There is no question that women and men have a number of physiological differences when it comes to the development and progression of addiction. Alcohol and other drugs affect women and men differently and can ultimately impact the way that they recover from their substance abuse problems. Neither gender seems to recover more quickly or easily, but the path that each takes throughout the journey to sobriety is slightly different. The experience of drug use and addiction varies greatly between men and women who have physical, psychological and emotional differences that factor into their dependency. As the number of women suffering from alcohol and drug abuse continues to grow it is important to look into these differences to improve the recovery process for them and attend to their specific needs.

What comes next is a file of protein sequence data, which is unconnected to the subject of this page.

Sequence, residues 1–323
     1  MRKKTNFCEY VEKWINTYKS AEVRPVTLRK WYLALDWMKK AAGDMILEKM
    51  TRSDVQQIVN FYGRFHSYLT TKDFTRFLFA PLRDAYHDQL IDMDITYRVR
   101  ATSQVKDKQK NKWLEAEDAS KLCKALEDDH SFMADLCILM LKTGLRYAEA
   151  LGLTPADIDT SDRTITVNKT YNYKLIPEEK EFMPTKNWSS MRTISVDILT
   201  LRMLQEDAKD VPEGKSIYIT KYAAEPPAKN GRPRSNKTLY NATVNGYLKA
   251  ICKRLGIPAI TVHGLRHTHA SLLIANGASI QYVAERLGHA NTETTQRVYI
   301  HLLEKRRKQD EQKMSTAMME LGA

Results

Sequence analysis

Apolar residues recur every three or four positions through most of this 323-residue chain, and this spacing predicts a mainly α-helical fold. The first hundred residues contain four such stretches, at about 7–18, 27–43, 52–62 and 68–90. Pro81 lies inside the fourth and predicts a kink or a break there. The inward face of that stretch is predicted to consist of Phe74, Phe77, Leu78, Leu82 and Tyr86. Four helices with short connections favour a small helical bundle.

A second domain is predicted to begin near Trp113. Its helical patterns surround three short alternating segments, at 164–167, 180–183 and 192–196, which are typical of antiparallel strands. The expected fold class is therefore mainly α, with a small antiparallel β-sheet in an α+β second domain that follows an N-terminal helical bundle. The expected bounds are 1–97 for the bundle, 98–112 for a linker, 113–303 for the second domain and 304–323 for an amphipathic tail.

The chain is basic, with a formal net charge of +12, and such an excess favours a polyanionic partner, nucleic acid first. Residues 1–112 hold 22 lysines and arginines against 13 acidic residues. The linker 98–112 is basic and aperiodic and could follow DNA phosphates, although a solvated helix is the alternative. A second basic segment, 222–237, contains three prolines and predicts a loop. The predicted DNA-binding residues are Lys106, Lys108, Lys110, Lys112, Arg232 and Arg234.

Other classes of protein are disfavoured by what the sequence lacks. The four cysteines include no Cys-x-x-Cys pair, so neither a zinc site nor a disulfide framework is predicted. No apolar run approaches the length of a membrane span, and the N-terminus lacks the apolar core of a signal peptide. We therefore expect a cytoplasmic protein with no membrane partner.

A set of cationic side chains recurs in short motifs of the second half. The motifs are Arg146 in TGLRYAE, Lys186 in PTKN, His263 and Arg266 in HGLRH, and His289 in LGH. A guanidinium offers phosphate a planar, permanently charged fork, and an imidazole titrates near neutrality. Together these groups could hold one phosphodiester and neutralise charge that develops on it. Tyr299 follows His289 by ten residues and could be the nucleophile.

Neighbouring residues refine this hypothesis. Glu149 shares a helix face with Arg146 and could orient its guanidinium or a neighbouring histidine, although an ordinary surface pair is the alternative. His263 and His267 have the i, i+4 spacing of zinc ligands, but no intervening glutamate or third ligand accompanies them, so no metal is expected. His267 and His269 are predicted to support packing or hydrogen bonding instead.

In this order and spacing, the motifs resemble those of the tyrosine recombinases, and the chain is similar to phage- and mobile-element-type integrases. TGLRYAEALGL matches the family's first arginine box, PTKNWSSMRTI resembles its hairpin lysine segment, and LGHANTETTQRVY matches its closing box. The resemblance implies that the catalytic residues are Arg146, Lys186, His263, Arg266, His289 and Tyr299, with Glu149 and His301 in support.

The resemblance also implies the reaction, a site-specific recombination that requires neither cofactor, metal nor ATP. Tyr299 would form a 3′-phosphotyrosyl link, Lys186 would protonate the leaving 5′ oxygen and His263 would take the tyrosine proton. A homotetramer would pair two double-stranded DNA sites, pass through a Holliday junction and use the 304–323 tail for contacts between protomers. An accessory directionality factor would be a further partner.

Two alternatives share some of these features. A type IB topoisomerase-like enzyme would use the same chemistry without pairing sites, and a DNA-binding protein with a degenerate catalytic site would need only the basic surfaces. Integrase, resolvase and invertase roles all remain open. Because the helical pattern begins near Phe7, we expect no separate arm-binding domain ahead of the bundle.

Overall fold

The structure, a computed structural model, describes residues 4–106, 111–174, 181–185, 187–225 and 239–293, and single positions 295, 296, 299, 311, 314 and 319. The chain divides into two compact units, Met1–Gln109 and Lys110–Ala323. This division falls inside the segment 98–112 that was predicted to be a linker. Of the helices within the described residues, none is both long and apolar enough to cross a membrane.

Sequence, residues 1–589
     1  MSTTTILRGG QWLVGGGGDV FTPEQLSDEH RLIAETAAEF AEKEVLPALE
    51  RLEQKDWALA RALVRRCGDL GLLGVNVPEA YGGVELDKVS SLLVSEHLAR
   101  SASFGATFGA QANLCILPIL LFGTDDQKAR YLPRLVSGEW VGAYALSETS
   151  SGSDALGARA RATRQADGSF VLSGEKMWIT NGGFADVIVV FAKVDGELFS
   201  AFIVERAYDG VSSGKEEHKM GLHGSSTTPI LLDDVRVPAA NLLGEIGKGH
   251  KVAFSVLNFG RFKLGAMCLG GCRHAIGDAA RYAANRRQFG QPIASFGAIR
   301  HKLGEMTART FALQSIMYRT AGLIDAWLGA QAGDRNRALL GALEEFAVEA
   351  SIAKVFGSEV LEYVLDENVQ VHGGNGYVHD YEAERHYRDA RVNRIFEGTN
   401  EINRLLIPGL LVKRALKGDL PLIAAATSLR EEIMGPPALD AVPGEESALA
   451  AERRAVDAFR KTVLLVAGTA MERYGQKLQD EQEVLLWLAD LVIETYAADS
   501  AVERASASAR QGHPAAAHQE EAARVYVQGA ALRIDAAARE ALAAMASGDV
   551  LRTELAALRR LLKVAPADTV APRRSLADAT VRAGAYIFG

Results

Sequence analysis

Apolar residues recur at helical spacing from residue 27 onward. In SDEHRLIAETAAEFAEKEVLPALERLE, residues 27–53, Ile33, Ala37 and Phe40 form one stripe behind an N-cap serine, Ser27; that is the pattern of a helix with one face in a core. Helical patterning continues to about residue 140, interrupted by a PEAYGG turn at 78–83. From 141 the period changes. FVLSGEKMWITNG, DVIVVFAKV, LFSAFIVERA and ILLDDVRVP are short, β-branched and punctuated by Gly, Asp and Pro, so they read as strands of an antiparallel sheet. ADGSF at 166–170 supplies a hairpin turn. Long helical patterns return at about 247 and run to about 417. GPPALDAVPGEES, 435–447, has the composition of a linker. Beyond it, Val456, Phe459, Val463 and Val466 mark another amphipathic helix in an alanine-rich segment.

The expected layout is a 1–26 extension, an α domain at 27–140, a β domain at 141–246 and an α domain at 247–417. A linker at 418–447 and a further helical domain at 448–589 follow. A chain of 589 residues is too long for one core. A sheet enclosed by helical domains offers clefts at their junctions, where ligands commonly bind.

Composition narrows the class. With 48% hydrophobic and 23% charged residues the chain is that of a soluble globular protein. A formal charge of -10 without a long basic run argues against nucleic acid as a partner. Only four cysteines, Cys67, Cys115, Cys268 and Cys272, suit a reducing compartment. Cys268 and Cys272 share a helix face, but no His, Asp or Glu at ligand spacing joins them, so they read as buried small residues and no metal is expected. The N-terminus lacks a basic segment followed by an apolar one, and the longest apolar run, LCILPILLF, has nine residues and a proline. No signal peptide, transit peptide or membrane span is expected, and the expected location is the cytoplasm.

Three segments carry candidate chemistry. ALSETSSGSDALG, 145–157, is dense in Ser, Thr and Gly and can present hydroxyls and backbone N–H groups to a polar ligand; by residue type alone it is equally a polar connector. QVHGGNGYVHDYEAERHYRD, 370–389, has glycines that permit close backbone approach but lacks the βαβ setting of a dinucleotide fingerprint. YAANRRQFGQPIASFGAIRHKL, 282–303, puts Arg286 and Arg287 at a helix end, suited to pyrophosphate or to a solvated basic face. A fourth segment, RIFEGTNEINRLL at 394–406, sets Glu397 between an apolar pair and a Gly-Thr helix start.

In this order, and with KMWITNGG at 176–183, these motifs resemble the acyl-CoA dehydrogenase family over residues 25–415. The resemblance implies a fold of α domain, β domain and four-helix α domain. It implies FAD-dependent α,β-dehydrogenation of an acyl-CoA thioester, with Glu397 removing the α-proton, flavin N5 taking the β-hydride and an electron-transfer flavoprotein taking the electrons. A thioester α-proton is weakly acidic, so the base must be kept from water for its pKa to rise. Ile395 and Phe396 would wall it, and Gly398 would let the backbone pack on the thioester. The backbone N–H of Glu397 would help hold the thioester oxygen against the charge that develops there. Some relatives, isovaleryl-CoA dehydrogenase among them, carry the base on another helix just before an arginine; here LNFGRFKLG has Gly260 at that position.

Gender Differences in Addiction
Historically, addiction is a problem that is much more prevalent for men than women. Even in today’s world, men are twice as likely as women to become addicted to drugs or alcohol except in the case of prescription drugs which is about equal. When it comes to alcohol abuse the rates of addiction can be as much as three times greater for men. In spite of these numbers, the amount of women seeking recovery for alcohol or drug addiction has been on the rise in recent years. Although addiction is more prevalent for men, it remains a significant problem for women who are struggling with a dependency. The reasons that men and women tend to gravitate toward drug abuse can also differ. Men may use drugs to amplify positive moods and cope with social problems while women may use alcohol or drugs to self-medicate their emotional and psychological issues. Studies show that women are more likely to have issues like depression, anxiety or eating disorders which can contribute to their risk of developing an addiction. Stress factors such as relationships, childhood trauma, and victimization can also be serious risk factors for women who begin engaging in substance abuse.
Challenges in Recovery